2023 — Onward and Upwards for African economies
Africa’s recovery, like many countries was vastly interrupted in 2022 with the external spill overs from the Russia-Ukraine unrest and the after effects of the covid-19 pandemic. It should be noted that before this particular shock, many Sub-Saharan African countries were recording stellar overall growth projected at 3.2 percent in 2019 and rise to 3.6 percent in 20201.
Nonetheless, African economy remain on the peddle stool given the policy redirection. For starters, there appears to be a call for consolidating public finances amid tighter financial conditions in the wake of the covid-19 pandemic. For instance, as highlighted by the International Monetary Fund, regional debt is approaching levels last seen in the early 2000s before the impact of the Heavily Indebted Poor Countries Initiative2. By and large, the pandemic saw to this. Moreso, the monetary tightening is set to have an impact as interest rates across the board are set to rise therein tightening access to cheap money.
It should be noted that the continent achieved average real annual GDP growth of 5.4% between 2000 and 2010, adding $78 billion annually to GDP (in 2015 prices)3. As noted by McKinsey at the time, much of this growth was attributed to the young and growing population and will as projections showed that by 2034, the region would have a larger workforce than either China or India with job creation outpacing growth in the labour force. This golden decade also saw and acceleration in technology across the continent which in turn unlocked new opportunities for consumers and businesses. Buoyed by these catalysts, consumer spending soared to $4 trillion4.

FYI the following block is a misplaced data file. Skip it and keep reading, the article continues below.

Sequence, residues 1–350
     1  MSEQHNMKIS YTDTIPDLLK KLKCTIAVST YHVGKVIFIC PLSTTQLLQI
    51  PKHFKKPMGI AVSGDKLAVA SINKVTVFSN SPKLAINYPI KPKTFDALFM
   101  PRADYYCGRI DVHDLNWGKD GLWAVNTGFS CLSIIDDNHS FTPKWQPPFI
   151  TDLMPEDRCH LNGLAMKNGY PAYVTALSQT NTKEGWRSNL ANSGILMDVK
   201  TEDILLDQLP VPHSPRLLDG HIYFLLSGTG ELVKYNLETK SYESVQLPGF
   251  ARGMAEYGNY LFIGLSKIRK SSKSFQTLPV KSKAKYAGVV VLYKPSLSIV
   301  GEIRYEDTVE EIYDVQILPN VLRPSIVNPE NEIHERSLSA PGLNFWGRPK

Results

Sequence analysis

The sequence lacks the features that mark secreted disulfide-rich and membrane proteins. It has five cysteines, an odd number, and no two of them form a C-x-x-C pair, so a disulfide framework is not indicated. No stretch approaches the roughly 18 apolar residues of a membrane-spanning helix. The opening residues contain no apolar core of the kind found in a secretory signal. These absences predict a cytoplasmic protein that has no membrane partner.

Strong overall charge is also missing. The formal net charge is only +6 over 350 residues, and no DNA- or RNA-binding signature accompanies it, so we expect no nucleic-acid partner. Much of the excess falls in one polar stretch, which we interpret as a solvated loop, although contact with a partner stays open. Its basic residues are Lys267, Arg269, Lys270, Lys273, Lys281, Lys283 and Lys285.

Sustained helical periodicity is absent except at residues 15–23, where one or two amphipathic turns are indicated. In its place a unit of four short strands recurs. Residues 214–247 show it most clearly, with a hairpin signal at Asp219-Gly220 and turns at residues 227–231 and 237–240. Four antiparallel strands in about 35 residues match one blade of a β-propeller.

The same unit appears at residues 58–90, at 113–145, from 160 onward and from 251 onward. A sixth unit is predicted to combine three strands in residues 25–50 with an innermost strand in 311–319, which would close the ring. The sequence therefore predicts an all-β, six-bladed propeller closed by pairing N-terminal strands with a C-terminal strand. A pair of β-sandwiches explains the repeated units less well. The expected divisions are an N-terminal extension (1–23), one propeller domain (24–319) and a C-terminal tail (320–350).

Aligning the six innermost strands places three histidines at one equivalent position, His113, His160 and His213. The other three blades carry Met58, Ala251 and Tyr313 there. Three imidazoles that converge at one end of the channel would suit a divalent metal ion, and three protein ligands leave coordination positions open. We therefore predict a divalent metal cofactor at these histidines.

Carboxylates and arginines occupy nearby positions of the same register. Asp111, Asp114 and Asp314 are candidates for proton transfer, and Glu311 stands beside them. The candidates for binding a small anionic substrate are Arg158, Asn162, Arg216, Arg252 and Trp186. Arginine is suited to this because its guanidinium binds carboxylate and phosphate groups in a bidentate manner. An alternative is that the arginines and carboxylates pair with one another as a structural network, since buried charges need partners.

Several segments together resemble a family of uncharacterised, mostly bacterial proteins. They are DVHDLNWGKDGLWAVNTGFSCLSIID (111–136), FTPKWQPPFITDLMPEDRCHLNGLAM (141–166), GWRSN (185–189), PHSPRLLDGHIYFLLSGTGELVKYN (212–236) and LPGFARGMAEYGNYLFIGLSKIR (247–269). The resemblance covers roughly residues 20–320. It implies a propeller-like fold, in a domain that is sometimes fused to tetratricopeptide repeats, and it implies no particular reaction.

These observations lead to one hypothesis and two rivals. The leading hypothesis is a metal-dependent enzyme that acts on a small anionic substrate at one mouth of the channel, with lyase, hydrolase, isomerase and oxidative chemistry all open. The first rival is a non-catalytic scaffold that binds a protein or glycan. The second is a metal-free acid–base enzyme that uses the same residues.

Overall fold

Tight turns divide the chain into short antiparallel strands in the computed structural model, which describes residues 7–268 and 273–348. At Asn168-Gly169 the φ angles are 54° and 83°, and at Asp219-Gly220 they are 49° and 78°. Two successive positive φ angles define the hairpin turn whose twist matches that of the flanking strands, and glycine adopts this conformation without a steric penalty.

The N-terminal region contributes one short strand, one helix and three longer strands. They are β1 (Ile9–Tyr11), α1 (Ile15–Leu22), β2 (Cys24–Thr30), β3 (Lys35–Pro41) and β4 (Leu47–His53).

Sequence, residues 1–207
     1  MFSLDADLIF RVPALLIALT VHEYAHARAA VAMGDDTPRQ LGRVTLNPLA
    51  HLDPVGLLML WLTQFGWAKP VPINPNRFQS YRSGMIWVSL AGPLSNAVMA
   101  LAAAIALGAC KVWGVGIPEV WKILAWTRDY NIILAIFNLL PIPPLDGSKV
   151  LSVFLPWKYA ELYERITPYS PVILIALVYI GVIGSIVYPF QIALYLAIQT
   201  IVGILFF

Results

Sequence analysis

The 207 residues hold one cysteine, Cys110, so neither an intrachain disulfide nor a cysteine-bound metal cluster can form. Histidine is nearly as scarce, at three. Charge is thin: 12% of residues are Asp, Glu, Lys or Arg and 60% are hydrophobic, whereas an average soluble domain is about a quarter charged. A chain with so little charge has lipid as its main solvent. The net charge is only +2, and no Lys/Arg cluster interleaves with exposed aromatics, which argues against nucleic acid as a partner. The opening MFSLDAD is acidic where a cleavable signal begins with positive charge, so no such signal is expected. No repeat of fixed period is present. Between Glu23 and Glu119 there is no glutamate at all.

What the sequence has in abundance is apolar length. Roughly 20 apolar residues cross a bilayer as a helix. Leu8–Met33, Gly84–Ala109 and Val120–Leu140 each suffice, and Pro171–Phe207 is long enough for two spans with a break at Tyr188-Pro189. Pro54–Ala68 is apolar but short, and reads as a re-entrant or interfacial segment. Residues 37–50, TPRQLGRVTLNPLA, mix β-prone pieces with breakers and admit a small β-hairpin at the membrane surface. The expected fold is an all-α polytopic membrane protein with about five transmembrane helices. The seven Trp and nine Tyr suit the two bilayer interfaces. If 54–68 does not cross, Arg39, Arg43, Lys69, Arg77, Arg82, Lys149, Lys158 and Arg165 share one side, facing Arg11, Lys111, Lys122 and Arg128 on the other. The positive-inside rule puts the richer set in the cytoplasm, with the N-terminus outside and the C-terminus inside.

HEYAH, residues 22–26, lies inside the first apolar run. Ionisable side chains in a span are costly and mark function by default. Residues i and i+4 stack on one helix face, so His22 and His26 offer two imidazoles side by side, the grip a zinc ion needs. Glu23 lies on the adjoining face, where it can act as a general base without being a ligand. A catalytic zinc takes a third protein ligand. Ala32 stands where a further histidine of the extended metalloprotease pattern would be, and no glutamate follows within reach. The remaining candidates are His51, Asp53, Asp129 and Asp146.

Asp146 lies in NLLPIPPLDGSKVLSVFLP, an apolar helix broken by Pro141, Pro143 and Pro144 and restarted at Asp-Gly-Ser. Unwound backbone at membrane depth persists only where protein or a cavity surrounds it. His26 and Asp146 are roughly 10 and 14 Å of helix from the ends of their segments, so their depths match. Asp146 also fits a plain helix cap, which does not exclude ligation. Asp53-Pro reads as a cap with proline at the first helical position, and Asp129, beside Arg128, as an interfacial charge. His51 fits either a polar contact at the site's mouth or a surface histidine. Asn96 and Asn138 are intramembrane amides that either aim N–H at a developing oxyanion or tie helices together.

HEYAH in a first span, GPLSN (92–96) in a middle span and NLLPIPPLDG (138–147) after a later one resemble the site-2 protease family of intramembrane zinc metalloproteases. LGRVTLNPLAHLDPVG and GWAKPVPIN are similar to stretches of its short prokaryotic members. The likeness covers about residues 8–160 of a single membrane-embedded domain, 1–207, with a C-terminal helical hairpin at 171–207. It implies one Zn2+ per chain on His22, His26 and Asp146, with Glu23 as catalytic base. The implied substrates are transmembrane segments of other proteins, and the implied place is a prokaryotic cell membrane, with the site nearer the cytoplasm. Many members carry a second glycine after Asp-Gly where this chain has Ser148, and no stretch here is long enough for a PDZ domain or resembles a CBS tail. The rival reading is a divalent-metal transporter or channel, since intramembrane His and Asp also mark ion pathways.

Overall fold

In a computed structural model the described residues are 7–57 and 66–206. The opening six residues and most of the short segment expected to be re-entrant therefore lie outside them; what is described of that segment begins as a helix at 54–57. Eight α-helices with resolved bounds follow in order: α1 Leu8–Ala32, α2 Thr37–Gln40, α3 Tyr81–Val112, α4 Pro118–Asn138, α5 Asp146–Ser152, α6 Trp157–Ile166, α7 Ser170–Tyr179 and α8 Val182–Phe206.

2023: The time is now…
Sub-Saharan Africa’s strong economic growth over the past decade is a clear reminder of the potential the continent possesses given a clear path toward broad-based economic development. The trajectory is clearly attested by the emergence of an African middle class with new entries like Tanzania and Mauritius and with the right policy adjustments, 2023 could be the year for lift-off.
The recovery continues. More of the same in 2023
As the globe continues its recovery from the novel coronavirus, economic growth in projections show that Sub-Saharan Africa is expected to slow to 3.3 percent in 2022, from 4.1 percent in 2021. Much of this can be attributed to the recovery and the lost covid-19 years not to mention rising inflation, fuel prices aggravated by the war in Ukraine and the ever-present risk of debt distress5.
Estimates from the World Bank paint an even grimmer picture showing that region’s estimated per capita income growth of 0.7 percent for 2022 is inadequate to meet the challenging goals of poverty reduction. As per these estimates, the slow recovery of the per capita income growth rate, only ascertains the regions’ path back to the pre-pandemic poverty reduction path.
Another challenge in 2023 is the rising public debt and depleted fiscal space in many Sub-Saharan African countries. With the health crisis triggered by the covid-19 pandemic, many African countries borrowed and the same rising borrowing costs have all but depleted public savings.